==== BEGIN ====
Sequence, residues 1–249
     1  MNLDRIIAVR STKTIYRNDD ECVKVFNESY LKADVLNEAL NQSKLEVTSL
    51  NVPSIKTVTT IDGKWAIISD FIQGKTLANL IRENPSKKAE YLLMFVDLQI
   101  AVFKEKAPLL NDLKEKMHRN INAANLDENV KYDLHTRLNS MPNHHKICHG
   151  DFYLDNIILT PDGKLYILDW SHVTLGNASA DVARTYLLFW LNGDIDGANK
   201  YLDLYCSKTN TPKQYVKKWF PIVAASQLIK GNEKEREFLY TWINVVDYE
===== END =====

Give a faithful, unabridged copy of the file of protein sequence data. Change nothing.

Sequence, residues 1–249
     1  MNLDRIIAVR STKTIYRNDD ECVKVFNESY LKADVLNEAL NQSKLEVTSL
    51  NVPSIKTVTT IDGKWAIISD FIQGKTLANL IRENPSKKAE YLLMFVDLQI
   101  AVFKEKAPLL NDLKEKMHRN INAANLDENV KYDLHTRLNS MPNHHKICHG
   151  DFYLDNIILT PDGKLYILDW SHVTLGNASA DVARTYLLFW LNGDIDGANK
   201  YLDLYCSKTN TPKQYVKKWF PIVAASQLIK GNEKEREFLY TWINVVDYE